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Terrapins from Poplar Island are getting a “head start” on life!
Maryland Environmental Service, on behalf of the Maryland Department of Transportation Maryland Port Administration, works with local organizations and schools to place hatchling terrapins in classrooms. The juvenile turtles from the Paul S. Sarbanes Ecosystem Restoration Project at Poplar Island live in classrooms from fall through the following spring.
Students provide all care to the terrapins. They collect growth data, observe behavior, learn care and husbandry protocol, and research the natural history of our state reptile. Head starting allows the hatchlings to grow to the size of a 2-3 year old wild juvenile terrapin in just nine months.
After caring for the hatchlings, students bring the terrapins back to Poplar Island where they are released to the Bay. This hands-on learning experience engages students to take action and better understand the restoration of the Chesapeake Bay.
Poplar terrapins are being raised and released through several programs:
- Maryland Environmental Service facilitates the Terrapin Education and Research on Poplar (TERP) program to some Eastern Shore schools.
- Arlington Echo’s Terrapin Connection program accommodates Anne Arundel County Public Schools.
- The National Aquarium provides terrapins to 30 schools.
All three programs are part of an ongoing research study conducted by Dr. Willem Roosenburg at Poplar Island. Dr. Roosenburg is a national authority on the diamondback terrapin and associate professor of biology at Ohio University.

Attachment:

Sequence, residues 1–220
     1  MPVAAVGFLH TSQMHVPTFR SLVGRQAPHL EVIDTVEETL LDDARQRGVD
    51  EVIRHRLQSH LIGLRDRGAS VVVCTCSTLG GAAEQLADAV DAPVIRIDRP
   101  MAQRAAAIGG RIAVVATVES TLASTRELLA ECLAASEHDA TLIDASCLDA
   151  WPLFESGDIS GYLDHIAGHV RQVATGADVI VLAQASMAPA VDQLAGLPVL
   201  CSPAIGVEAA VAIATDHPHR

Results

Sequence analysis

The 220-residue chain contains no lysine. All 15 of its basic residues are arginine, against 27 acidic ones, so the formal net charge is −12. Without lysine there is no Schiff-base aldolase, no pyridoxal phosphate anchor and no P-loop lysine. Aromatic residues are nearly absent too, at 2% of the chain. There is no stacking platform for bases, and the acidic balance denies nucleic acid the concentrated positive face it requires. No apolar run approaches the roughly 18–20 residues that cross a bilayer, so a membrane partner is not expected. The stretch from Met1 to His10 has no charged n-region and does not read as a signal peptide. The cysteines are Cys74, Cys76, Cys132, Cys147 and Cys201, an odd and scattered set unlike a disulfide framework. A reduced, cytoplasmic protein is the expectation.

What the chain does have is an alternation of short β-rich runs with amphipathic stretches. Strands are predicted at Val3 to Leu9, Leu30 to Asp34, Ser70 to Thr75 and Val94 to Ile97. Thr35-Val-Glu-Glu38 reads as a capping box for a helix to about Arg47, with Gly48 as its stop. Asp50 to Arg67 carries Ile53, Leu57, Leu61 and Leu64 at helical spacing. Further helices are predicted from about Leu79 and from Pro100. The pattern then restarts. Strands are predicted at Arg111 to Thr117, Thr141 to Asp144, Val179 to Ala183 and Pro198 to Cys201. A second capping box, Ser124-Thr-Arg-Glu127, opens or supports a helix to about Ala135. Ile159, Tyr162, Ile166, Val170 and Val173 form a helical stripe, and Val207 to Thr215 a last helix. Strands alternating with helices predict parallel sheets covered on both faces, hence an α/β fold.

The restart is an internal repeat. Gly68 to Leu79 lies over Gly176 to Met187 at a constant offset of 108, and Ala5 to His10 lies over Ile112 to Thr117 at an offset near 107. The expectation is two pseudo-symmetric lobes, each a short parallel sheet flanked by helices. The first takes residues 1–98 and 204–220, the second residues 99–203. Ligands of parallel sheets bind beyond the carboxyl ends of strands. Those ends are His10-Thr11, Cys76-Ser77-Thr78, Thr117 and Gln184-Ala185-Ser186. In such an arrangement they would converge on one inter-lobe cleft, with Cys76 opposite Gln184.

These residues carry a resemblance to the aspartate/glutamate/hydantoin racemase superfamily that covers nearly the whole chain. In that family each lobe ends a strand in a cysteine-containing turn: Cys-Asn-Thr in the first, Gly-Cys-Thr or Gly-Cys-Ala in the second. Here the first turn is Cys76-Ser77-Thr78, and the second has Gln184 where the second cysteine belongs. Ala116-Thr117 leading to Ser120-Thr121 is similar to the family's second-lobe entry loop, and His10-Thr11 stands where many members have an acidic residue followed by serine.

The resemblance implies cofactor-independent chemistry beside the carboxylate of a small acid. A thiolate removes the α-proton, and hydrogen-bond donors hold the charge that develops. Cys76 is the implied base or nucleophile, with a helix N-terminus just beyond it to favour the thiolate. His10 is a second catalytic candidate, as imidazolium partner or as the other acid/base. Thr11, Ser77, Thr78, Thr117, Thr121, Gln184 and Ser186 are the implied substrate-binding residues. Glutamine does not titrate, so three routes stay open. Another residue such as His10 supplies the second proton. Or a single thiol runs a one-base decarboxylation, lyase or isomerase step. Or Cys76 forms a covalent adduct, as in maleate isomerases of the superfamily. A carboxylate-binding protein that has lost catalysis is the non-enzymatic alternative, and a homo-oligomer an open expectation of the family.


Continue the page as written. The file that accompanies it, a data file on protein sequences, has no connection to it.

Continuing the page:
Poplar Island is a one-of-a-kind 1,140-acre restoration project off Tilghman Island in the Chesapeake Bay. Poplar Island, which had eroded to five acres by 1993, is being restored to its 1847 footprint using sediment dredged from the shipping channels approaching the Port of Baltimore. A lack of land predators, undisturbed sandy shorelines, and a variety of habitat types make Poplar an ideal terrapin nesting site.
Before the head start terrapins are released back on the beaches of Poplar Island, they are implanted with a Passive Integrated Transponder (PIT) tag. If these terrapins are ever recaptured, they can be scanned and identified. Dr. Roosenburg’s study is trying to answer the question of whether having a “head start” really gives these terrapins a higher chance of surviving in the wild.
Through this program, students are playing an important role in relevant, cutting-edge research focused on the conservation of the species. The combination of scientific applications, hands-on involvement, and the emotional attachment to the terrapins provides a unique opportunity to inspire a meaningful connection with the Chesapeake Bay.